"People of the same trade seldom meet together, even for merriment and diversion, but the conversation ends in a conspiracy against the public, or in some contrivance to raise prices. It is impossible indeed to prevent such meetings, by any law which either could be executed, or would be consistent with liberty and justice. But though the law cannot hinder people of the same trade from sometimes assembling together, it ought to do nothing to facilitate such assemblies; much less to render them necessary."[16]
Smith also rejected the very existence of, not just dominant and abusive corporations, but corporations at all.[17]
By the latter half of the nineteenth century it had become clear that large firms had become a fact of the market economy. John Stuart Mill's approach was laid down in his treatise On Liberty (1859).
"Again, trade is a social act. Whoever undertakes to sell any description of goods to the public, does what affects the interest of other persons, and of society in general; and thus his conduct, in principle, comes within the jurisdiction of society... both the cheapness and the good quality of commodities are most effectually provided for by leaving the producers and sellers perfectly free, under the sole check of equal freedom to the buyers for supplying themselves elsewhere. This is the so-called doctrine of Free Trade, which rests on grounds different from, though equally solid with, the principle of individual liberty asserted in this Essay. Restrictions on trade, or on production for purposes of trade, are indeed restraints; and all restraint, qua restraint, is an evil..."[18]
[edit] Restraint of trade
Main article: Restraint of trade


Judge Coke in the 17th century thought that general restraints on trade were unreasonable
The English law of restraint of trade is the direct predecessor to modern competition law.[19] Its current use is small, given modern and economically oriented statutes in most common law countries. Its approach was based on the two concepts of prohibiting agreements that ran counter to public policy, unless the reasonableness of an agreement could be shown. A restraint of trade is simply some kind of agreed provision that is designed to restrain another's trade. For example, in Nordenfelt v. Maxim, Nordenfelt Gun Co.[20] a Swedish arm inventor promised on sale of his business to an American gun maker that he "would not make guns or ammunition anywhere in the world, and would not compete with Maxim in any way."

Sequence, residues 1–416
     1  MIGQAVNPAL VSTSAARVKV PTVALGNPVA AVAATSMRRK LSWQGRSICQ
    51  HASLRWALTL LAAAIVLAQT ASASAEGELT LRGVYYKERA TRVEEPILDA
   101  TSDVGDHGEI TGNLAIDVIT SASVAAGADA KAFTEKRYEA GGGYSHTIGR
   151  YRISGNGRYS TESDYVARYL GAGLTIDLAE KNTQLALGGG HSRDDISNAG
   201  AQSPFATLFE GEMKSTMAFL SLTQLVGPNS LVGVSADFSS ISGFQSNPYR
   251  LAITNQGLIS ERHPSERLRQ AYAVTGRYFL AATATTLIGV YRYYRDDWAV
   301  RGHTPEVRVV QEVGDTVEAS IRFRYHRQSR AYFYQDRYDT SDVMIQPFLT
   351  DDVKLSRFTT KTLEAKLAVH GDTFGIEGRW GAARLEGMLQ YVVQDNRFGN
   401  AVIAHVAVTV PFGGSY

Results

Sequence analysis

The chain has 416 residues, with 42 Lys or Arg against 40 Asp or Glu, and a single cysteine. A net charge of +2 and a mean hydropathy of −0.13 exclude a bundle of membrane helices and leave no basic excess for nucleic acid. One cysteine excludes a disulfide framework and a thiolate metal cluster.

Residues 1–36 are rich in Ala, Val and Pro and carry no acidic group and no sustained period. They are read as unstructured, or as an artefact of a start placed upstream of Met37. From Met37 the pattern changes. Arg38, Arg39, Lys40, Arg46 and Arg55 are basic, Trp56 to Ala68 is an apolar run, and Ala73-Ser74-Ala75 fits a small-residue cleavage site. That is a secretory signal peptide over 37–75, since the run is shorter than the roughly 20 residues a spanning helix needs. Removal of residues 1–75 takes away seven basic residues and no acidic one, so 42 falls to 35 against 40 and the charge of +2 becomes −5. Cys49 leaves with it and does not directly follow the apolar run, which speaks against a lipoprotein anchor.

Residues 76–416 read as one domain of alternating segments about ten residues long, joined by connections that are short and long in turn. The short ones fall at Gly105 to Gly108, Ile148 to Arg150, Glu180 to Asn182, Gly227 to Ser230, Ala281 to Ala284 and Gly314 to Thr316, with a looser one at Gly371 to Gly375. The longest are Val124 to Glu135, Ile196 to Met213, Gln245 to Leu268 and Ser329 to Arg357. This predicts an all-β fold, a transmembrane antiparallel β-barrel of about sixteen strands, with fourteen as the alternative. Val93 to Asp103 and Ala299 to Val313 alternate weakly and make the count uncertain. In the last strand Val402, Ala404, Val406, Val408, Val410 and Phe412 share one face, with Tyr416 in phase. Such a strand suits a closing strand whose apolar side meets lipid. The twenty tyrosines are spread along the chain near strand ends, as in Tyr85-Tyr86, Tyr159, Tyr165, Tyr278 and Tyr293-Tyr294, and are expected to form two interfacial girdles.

To be consider whether or not there is a restraint of trade in the first place, both parties must have provided valuable consideration for their agreement. In Dyer's case[21] a dyer had given a bond not to exercise his trade in the same town as the plaintiff for six months but the plaintiff had promised nothing in return. On hearing the plaintiff's attempt to enforce this restraint, Hull J exclaimed,
"per Dieu, if the plaintiff were here, he should go to prison until he had paid a fine to the King."
The common law has evolved to reflect changing business conditions. So in the 1613 case of Rogers v. Parry[22] a court held that a joiner who promised not to trade from his house for 21 years could have this bond enforced against him since the time and place was certain. It was also held that a man cannot bind himself to not use his trade generally by Chief Justice Coke. This was followed in Broad v. Jolyffe[23] and Mitchell v. Reynolds[24] where Lord Macclesfield asked, "What does it signify to a tradesman in London what another does in Newcastle?" In times of such slow communications, commerce around the country it seemed axiomatic that a general restraint served no legitimate purpose for one's business and ought to be void. But already in 1880 in Roussillon v. Roussillon[25] Lord Justice Fry stated that a restraint unlimited in space need not be void, since the real question was whether it went further than necessary for the promisee's protection. So in the Nordenfelt[26] case Lord McNaughton ruled that while one could validly promise to "not make guns or ammunition anywhere in the world" it was an unreasonable restraint to "not compete with Maxim in any way." This approach in England was confirmed by the House of Lords in Mason v. The Provident Supply and Clothing Co.[27]
[edit] Twentieth century change


Labour Minister Sir Stafford Cripps was Chancellor of the Exchequer responsible for Britain's first Act resembling modern competition law in 1948